Darron Morgan v. TDCJ McConnell Unit, et al


UNPUBLISHED OPINION FILED. [12-40543 Affirmed in Part and Dismissed in Part] Judge: EHJ , Judge: JLD , Judge: CH. Mandate pull date is 08/21/2013; granting motion to file supplemental briefs filed by Appellant Mr. Darron Morgan [7244139-2] [12-40543]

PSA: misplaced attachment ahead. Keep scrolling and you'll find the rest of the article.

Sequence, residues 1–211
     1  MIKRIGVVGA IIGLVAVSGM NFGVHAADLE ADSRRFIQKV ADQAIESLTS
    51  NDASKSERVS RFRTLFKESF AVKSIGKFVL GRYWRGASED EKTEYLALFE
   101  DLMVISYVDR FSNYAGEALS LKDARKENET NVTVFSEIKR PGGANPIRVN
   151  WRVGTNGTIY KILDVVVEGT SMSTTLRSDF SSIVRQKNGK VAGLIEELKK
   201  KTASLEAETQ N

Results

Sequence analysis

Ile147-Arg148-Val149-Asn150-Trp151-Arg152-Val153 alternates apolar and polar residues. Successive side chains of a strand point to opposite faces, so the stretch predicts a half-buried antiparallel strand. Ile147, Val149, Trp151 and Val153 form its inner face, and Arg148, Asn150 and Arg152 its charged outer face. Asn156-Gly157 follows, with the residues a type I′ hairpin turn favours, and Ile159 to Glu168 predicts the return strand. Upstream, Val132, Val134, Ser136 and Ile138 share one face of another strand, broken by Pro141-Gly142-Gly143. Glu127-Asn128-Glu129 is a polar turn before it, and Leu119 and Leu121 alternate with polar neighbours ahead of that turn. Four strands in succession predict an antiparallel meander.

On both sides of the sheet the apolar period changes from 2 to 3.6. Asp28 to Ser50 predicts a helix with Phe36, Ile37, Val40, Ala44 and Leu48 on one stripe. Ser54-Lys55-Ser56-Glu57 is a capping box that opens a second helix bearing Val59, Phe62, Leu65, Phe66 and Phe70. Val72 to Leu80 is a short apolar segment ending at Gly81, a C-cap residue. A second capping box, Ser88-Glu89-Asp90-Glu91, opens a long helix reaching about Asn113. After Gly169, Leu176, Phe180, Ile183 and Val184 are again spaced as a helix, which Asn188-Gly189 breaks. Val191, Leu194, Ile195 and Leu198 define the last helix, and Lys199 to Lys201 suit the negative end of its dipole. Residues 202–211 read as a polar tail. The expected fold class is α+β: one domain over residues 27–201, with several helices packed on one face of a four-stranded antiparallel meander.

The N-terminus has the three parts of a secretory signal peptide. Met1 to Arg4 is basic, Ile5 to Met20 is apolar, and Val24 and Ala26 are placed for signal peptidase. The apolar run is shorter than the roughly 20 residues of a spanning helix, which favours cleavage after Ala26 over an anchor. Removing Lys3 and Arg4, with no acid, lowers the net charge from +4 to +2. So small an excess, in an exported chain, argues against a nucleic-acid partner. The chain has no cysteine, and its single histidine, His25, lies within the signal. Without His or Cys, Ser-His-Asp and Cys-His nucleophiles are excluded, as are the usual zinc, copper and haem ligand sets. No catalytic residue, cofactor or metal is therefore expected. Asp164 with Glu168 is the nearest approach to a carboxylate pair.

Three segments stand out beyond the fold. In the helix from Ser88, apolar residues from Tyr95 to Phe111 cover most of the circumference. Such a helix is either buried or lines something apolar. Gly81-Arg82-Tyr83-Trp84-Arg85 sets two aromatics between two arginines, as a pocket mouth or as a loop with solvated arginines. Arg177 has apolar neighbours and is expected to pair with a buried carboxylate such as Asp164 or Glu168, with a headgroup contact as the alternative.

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Case: 12-40543 Document: 00512327691 Page: 1 Date Filed: 07/31/2013 IN THE UNITED STATES COURT OF APPEALS United States Court of Appeals FOR THE FIFTH CIRCUIT Fifth Circuit FILED No. 12-40543 Summary Calendar July 31, 2013 Lyle W. Cayce Clerk DARRON MORGAN, Plaintiff-Appellant v. TEXAS DEPARTMENT OF CRIMINAL JUSTICE MCCONNELL UNIT; MAXIMILLIANO HERRERA; REFUGIA CAMPOS; “JOHN DOE” WOLF; WILLIAM BURGIN, Defendants-Appellees Appeals from the United States District Court for the Southern District of Texas USDC No. 2:11-CV-124 Before JONES, DENNIS, and HAYNES, Circuit Judges. PER CURIAM:* Darron Morgan, proceeding pro se, appeals the denial of his complaint against various prison officials and physicians for their alleged deliberate indifference to his medical needs in violation of the Eighth Amendment’s prohibition on cruel and unusual punishment. Morgan challenges the grant of summary judgment in favor of defendants Dr. Herrera and William Burgin and * Pursuant to Fifth Circuit Rule 47.5, the court has determined that this opinion should not be published and is not precedent except under the limited circumstances set forth in Fifth Circuit Rule 47.5.4. Case: 12-40543 Document: 00512327691 Page: 2 Date Filed: 07/31/2013 No. 12-40543 the dismissal of his claim against another physician, Dr. Wolf, pursuant to Rule 12(b)(6). He also challenges the denial of his motions for the appointment of counsel and to compel discovery, and moves for leave to amend a supplemental brief. We GRANT leave to file the supplemental brief and AFFIRM the judgment below in part and DISMISS the appeal in part. I. A. Darron Morgan, Texas prisoner # 640157, brought the present civil action against the Texas Department of Criminal Justice McConnell Unit, Dr. Herrera, Nurse Campos, Dr. Wolfe, and William Burgin, pursuant to 42 U.S.C. § 1983 and the Prison Litigation Reform Act (PLRA), id. § 1997e et seq. While Morgan was imprisoned at the McConnell Unit, he complained of congestion, nasal drip, and a runny nose to prison officials in April of 2009. He was diagnosed as suffering from asthma and allergy symptoms. Campos examined Morgan and prescribed the antihistamine chlorphen. While taking the chlorphen, Morgan alleges that his nose began bleeding and developed sores. When Morgan complained about the problem, Dr. Wolfe saw him, and she prescribed a double antibiotic cream to apply to the sores in his nose. While Dr. Wolfe prescribed the antibiotic cream, Dr. Herrera’s name was on the medication pass authorizing Morgan to obtain it. The double antibiotic cream healed the sores in Morgan’s nose, but Morgan alleges that he began experiencing adverse side effects, including losing his hearing, balance, and sense of smell. Morgan also alleges that he suffered from ulcers in his mouth and throat, and a rash that developed on his face. The defendants dispute that those symptoms were side-effects of their treatment and, in support, offer the expert testimony of a physician who opined that those symptoms arose from Morgan’s underlying conditions that the medicines were intended to treat. Morgan states that unidentified medical personnel at 2 Case: 12-40543 Document: 00512327691 Page: 3 Date Filed: 07/31/2013 No. 12-40543 McConnell prescribed triamcinolone cream and an antibiotic for the rash, but his symptoms did not improve. Dr. Wolfe also prescribed Kenalog injections over a six-month period. According to Morgan, he made a sick call request to Dr. Herrera after returning from the hospital. When Dr. Herrera examined Morgan, Dr. Herrera allegedly told him that he had damage to his alimentary canal that was not treatable. Due to the damage to the alimentary canal, Morgan says he was not able to produce mucous, causing Morgan considerable pain. The defendants offered evidence that Morgan was suffering from those symptoms before he was treated by prison physicians and asserted that Morgan’s allegations as to damage to his alimentary canal had no basis in fact. Morgan complained of red spots and sores between January 2011 and April 2011. During the relevant time period, McConnell was on semi-lockdown, and he missed multiple medical appointments during this time period because a security escort was not available. Due to this problem, Burgin referred Morgan and all other administrative segregation inmates with medical problems to be seen by medical staff at their cells. Morgan alleges that Burgin, the medical grievances manager, did not schedule the appointments, an allegation that the defendants also dispute. Morgan was seen in his cell for his skin condition by a nurse on February 3, 2011, based upon Burgin’s referral, and the nurse referred Morgan to a mid-level practitioner. Morgan was ultimately seen by a physician’s assistant in April of 2011, diagnosed with having lice and a rash, and prescribed medication. Burgin was the practice manager at McConnell who was responsible for responding to inmate grievances regarding medical care. Burgin was not licensed to practice medicine and had no medical training. This evidence was uncontradicted by Morgan in the summary judgment record. The record reflects that Morgan filed a number of grievances with Burgin complaining of the foregoing ailments and the alleged insufficiency of his medical treatment. 3 Case: 12-40543 Document: 00512327691 Page: 4 Date Filed: 07/31/2013 No. 12-40543 B. Morgan filed the present § 1983 suit alleging the violation of his Eighth Amendment right to be free from cruel and unusual punishment. The case was initially referred to a Magistrate Judge (MJ), who recommended that Morgan’s claims against McConnell and Morgan’s official-capacity claims against the defendants be dismissed based upon sovereign and Eleventh Amendment immunity. She further recommended that Morgan’s claims against Campos and Dr. Wolfe be dismissed for failure to state a claim upon which relief may be granted. The district court adopted the MJ’s report and recommendation and dismissed Morgan’s claims against McConnell, Morgan’s official capacity claims against the defendants, and Morgan’s claims against Campos and Dr. Wolfe. Morgan filed two motions for appointment of counsel and various motions to compel discovery. The MJ denied all of the motions. Dr. Herrera and Burgin then moved for summary judgment, arguing that Morgan had failed to exhaust his administrative remedies because the four prison grievances he had filed relating to his medical conditions did not mention Dr. Herrera or Burgin and did not detail his claims against them. The prison records they filed in support of this claim, however, indicated that Morgan had filed a fifth prison grievance that had been misplaced by prison authorities. Dr. Herrera and Burgin also sought summary judgment on the basis of qualified immunity and on the merits of Morgan’s claims. The MJ recommended that Dr. Herrera and Burgin be granted summary judgment because Morgan had not exhausted his administrative remedies and because they were entitled to qualified immunity. Morgan filed a timely objection challenging the MJ’s recommendation and the MJ’s denial of his motions for appointment of counsel. The district court overruled Morgan’s objections, adopted the report and recommendation of the MJ, and granted summary judgment in favor of Dr. Herrera and Burgin. Morgan filed a timely notice of appeal. 4 Case: 12-40543 Document: 00512327691 Page: 5 Date Filed: 07/31/2013 No. 12-40543 II. The district court had jurisdiction pursuant to 28 U.S.C. § 1332. We have jurisdiction to review the final orders of the district court. Id. § 1291. Morgan timely filed objections and a notice of appeal from the district court’s orders granting the defendants’ motion to dismiss pursuant to Federal Rule of Civil Procedure 12(b)(6). However, Morgan did not object to or seek district court review of the MJ’s orders denying his motions to compel discovery. We therefore lack jurisdiction to consider Morgan’s argument that the MJ erred by denying his motions to compel. See Singletary v. B.R.X., Inc., 828 F.2d 1135, 1137 (5th Cir. 1987) (holding that this court did not have jurisdiction to consider challenge to a magistrate judge’s discovery ruling because party did not seek review in the district court); see also Fed. R. Civ. P. 72(a). Accordingly, that portion of Morgan’s appeal is dismissed. See United States v. Renfro, 620 F.2d 497, 500 (5th Cir. 1980). We have jurisdiction over the remaining claims on appeal. III. On appeal, Morgan challenges only the dismissal of his Eighth Amendment deliberate indifference claims against Dr. Wolfe under Rule 12(b)(6) and against Dr. Herrera and Burgin under Rule 56. In Estelle v. Gamble, 429 U.S. 97 (1976), the Supreme Court recognized that the Eighth Amendment requires the government to provide medical care to inmates because the failure to do so “may actually produce physical ‘torture or a lingering death’” or unnecessary “pain and suffering.” Id. at 103 (citation omitted). “[A] prison official may be held liable under the Eighth Amendment for denying humane conditions of confinement only if he knows that inmates face a substantial risk of serious harm and disregards that risk by failing to take reasonable measures to abate it.” Farmer v. Brennan, 511 U.S. 825, 847 (1994). To prevail on such a claim, a § 1983 “claimant need not show that a prison official acted or failed to act believing that harm actually would befall an inmate; 5 Case: 12-40543 Document: 00512327691 Page: 6 Date Filed: 07/31/2013 No. 12-40543 it is enough that the official acted or failed to act despite his knowledge of a substantial risk of serious harm.” Id. at 842. “Whether a prison official had the requisite knowledge of a substantial risk is a question of fact subject to demonstration in the usual ways, including inference from circumstantial evidence, and a factfinder may conclude that a prison official knew of a substantial risk from the very fact that the risk was obvious.” Id. at 842 (citations omitted); see also, e.g., Gates v. Cook, 376 F.3d 323, 333 (5th Cir. 2004) (same); Brown v. Bolin, 500 F. App’x 309, 318-19 & n.5 (5th Cir. 2012) (unpublished) (Dennis, J., concurring in part and dissenting in part) (same) (collecting cases), cert. denied, No. 12-1257, 2013 WL 1703411 (June 17, 2013). A trier of fact may infer that a § 1983 defendant had knowledge of the risk if the risk was obvious, for instance, if the evidence shows that a doctor or other prison official “knows that some diseases are communicable and that a single needle is being used to administer flu shots to prisoners but refuses to listen to a subordinate who he strongly suspects will attempt to explain the associated risk of transmitting disease[.]” Farmer, 511 U.S. at 843-44 & n.8. “[A]lthough inadequate medical treatment may, at a certain point, rise to the level of a constitutional violation, malpractice or negligent care does not.” Stewart v. Murphy, 174 F.3d 530, 534 (5th Cir. 1999) (collecting cases); see also, e.g., Farmer, 511 U.S. at 835 (“[D]eliberate indifference describes a state of mind more blameworthy than negligence.”). Thus, a defendant must show that “the claimed independent acts of negligence by each physician were . . . sufficient to raise a material fact issue that each doctor knew that his acts or omissions subjected [the defendant] to an excessive risk of harm, yet responded to the risk with deliberate indifference.” Stewart, 174 F.3d at 537. A. First, Morgan challenges the dismissal of his claims against Dr. Wolfe for failure to state a claim upon which relief may be granted pursuant to 28 U.S.C. 6 Case: 12-40543 Document: 00512327691 Page: 7 Date Filed: 07/31/2013 No. 12-40543 §§ 1915(e)(2)(B) and 1915A(b)(1), a ruling we review de novo, see Ruiz v. United States, 160 F.3d 273, 275 (5th Cir. 1998). Morgan did not allege that Dr. Wolfe refused to treat him or delayed treating him. Instead, he alleged that Dr. Wolfe provided incorrect or negligent treatment by prescribing ongoing Kenalog injections despite their alleged side effects and by directing him to use double antibiotic cream on internal nose sores when the cream had allegedly only been approved for external use. While prescribing incorrect treatments or treatments that cause serious side effects might amount to malpractice,1 this allegation, without a further showing of deliberate indifference to serious medical needs, does not rise to the level of a constitutional violation. A prison physician’s negligence or malpractice cases does not typically rise to the level of cruel and unusual punishment within the meaning of the Eighth Amendment. See, e.g., Stewart, 174 F.3d at 534; see also Farmer, 511 U.S. at 835. The allegations that the FDA did not approve the alleged off-label use of this antibiotic cream or that Dr. Wolfe violated professional standards of care in administering either treatment are not enough to give rise to a constitutional violation absent allegations of deliberate indifference to Morgan’s medical needs. Morgan does not allege or point to circumstances that would suggest that Dr. Wolfe prescribed the antibiotic cream with knowledge that the cream would pose “a substantial risk of serious harm,” or that such a risk would have been obvious, and that Dr. Wolfe “disregard[ed] that risk by failing to take reasonable measures to abate it.” Farmer, 511 U.S. at 847; see id. at 843-44 & n.8. We therefore affirm the dismissal of Morgan’s claims against Dr. Wolfe. 1 The defendants offered the expert testimony of a physician who opined that the defendants did not violate the standard of care in their treatment of Morgan’s various symptoms. 7 Case: 12-40543 Document: 00512327691 Page: 8 Date Filed: 07/31/2013 No. 12-40543 B. Morgan next argues that the district court erred by granting summary judgment to Dr. Herrera and Burgin. We review de novo a district court’s grant of summary judgment under the usual standard. Nickell v. Beau View of Biloxi, L.L.C., 636 F.3d 752, 754 (5th Cir. 2011). Summary judgment is proper when the pleadings, depositions, admissions, and answers to interrogatories, together with affidavits, demonstrate that no genuine issue exists as to any material fact and that the movant is entitled to judgment or partial judgment as a matter of law. Fed. R. Civ. P. 56(a). 1. As an initial matter, Dr. Herrera and Burgin argue that Morgan’s claim was untimely exhausted. Morgan responds that he exhausted his administrative remedies and that he raised claims against Burgin in the prison grievance that was misplaced by prison officials. Congress enacted the PLRA “[i]n an effort to address the large number of prisoner complaints filed in federal court . . . . Among other reforms, the PLRA mandates early judicial screening of prisoner complaints and requires prisoners to exhaust prison grievance procedures before filing suit.” Jones v. Bock, 549 U.S. 199, 202 (2007) (citing 28 U.S.C. § 1915A; 42 U.S.C. § 1997e(a)). The requirement that plaintiffs exhaust their administrative remedies under the PLRA is an affirmative defense. Id. at 216. As such, the burden is on the defendants to prove that a plaintiff failed to exhaust his administrative remedies. See Dillon v. Rogers, 596 F.3d 260, 266 (5th Cir. 2010). The summary judgment evidence presented by Dr. Herrera and Burgin reflects that Morgan had filed a prison grievance during the relevant time period that prison officials could not locate or produce. Morgan alleges that he exhausted his administrative remedies regarding some of his claims in that grievance. As Dr. Herrera and Burgin did not show “beyond peradventure all 8 Case: 12-40543 Document: 00512327691 Page: 9 Date Filed: 07/31/2013 No. 12-40543 of the essential elements of the defense of exhaustion,” they were not entitled to summary judgment on exhaustion grounds. Id. However, “we may affirm a grant of summary judgment on any ground supported by the record, even if it is different from that relied upon by the district court.” Janvey v. Democratic Senatorial Campaign Comm., Inc., 712 F.3d 185, 193 (5th Cir. 2013). We therefore turn to the merits of the defendants’ motion for summary judgment. 2. Dr. Herrera and Burgin assert that they are entitled to qualified immunity as to Morgan’s deliberate indifference claim. “The doctrine of qualified immunity protects government officials from liability from civil damages insofar as their conduct does not violate clearly established statutory or constitutional rights of which a reasonable person would have known.” Rockwell v. Brown, 664 F.3d 985, 990-91 (5th Cir. 2011), cert. denied, 132 S. Ct. 2433 (2012) (quoting Pearson v. Callahan, 555 U.S. 223, 231 (2009) (internal quotation marks omitted)). When, as here, the defendants have asserted qualified immunity in a summary judgment motion, “the burden then shifts to the plaintiff, who must rebut the defense by establishing a genuine fact issue as to whether the official’s allegedly wrongful conduct violated clearly established law.” Brown v. Callahan, 623 F.3d 249, 253 (5th Cir. 2010). “Therefore, the qualified-immunity inquiry has two prongs: (1) whether an official’s conduct violated a constitutional right of the plaintiff, and (2) whether that right was clearly established at the time of the violation. A court may rely on either prong of the defense in its analysis.” Rockwell, 664 F.3d at 990-91 (citations and quotation marks omitted). Morgan claims that Dr. Herrera prescribed or approved the prescription of double antibiotic cream for internal use, and that Dr. Herrera told Morgan that his alimentary canal was damaged and that nothing could be done about it. For the reasons set forth above, Morgan has failed to allege a constitutional violation arising from his physicians’ instructions that he use the cream, much 9 Case: 12-40543 Document: 00512327691 Page: 10 Date Filed: 07/31/2013 No. 12-40543 less that Dr. Herrera, whose name only appeared on the prescription form as the prescribing doctor, was aware of any serious risk to Morgan’s health or safety that would be posed by such off-label use of the medicine. Likewise, the summary judgment record did not reflect that Dr. Herrera ever examined Morgan or that he had any reason to believe that his alimentary canal had been damaged. Accordingly, Morgan has not demonstrated that Dr. Herrera violated his clearly established constitutional right against deliberate indifference in his medical care. We therefore affirm the grant of summary judgment in Dr. Herrera’s favor on grounds of qualified immunity. With respect to Morgan’s claim against Burgin, Morgan offered evidence that he complained to Burgin about red spots or sores all over his body but did not receive treatment until months later. He contends that Burgin could have ensured that he received treatment because Burgin sent a nurse to see him in his cell, and the nurse did not provide treatment, and that Morgan did not receive treatment on site at the clinic due to a lack of security personnel to transport him to prison medical facilities. However, the summary judgment record reflects that Burgin responded to Morgan’s grievances and arranged for Morgan to see a Dr. Stein on the premises.2 A defendant may not be held liable under § 1983 pursuant to a theory of respondeat superior, but may be held liable for his or her role in a constitutional violation premised on the defendant’s individual conduct as a supervisor, for example, his or her failure to train. See Cozzo v. Tangipahoa Parish Council–President Gov’t, 279 F.3d 273, 286-87 (5th Cir. 2002). Here, however, Morgan did not provide evidence or allege that Burgin personally participated in his medical treatment, that Burgin had the ability or responsibility to provide him medical treatment, or that Burgin had any control or authority over security 2 The record also evinces that, ultimately, Morgan was prescribed Calamine lotion, Hytone (a hydrocortisone cream), and Benadryl for his rash, and that the symptoms were resolved. 10 Case: 12-40543 Document: 00512327691 Page: 11 Date Filed: 07/31/2013 No. 12-40543 personnel that would have allowed Burgin to provide the proper escort to take Morgan to medical appointments.3 Burgin stated in his affidavit that he was not a clinician, did not have a license to practice medicine, and had no medical training; and that his job involved responding to grievances about the medical care of the inmates. This evidence is uncontradicted in the record. The record also reflects that Morgan was under the ongoing care of the McConnell medical staff and that he was seen dozens of times for the symptoms of which he complained. As Morgan did not produce evidence showing that Burgin was responsible for any delay in treatment that may have occurred, and that Burgin did in fact refer Morgan to be seen by medical staff, the summary judgment record reflects that Burgin did not violate Morgan’s clearly established constitutional rights. Accordingly, Burgin was entitled to qualified immunity.4 AFFIRMED; APPEAL DISMISSED IN PART; MOTION FOR LEAVE TO FILE SUPPLEMENTAL BRIEF GRANTED. 3 Morgan also makes a number of new factual allegations on appeal, such as that he never received proper treatment for his conditions until he filed the present lawsuit in 2011 and that the prison pharmacy interfered with his treatment by denying him medications. In general, we do not consider new evidence that was not presented to the district court or new claims that were not raised in the district court. Theriot v. Parish of Jefferson, 185 F.3d 477, 491 n.26 (5th Cir. 1999); Stewart Glass & Mirror, Inc. v. U.S. Auto Glass Disc. Ctrs., Inc., 200 F.3d 307, 316-17 (5th Cir. 2000). Because Morgan did not raise these claims in the district court, we do not consider those claims. See Stewart Glass & Mirror, Inc., 200 F.3d at 316-17. 4 Finally, Morgan challenges the district court’s denial of his motion for counsel. See Cupit v. Jones, 835 F.2d 82, 86 (5th Cir. 1987) (providing that a party in a civil rights action must show extraordinary circumstances to be entitled to appointed counsel). In light of our disposition of the merits of Morgan’s claims, Morgan has not shown that the district court committed a clear abuse of discretion by denying his requests for appointment of counsel. See id. 11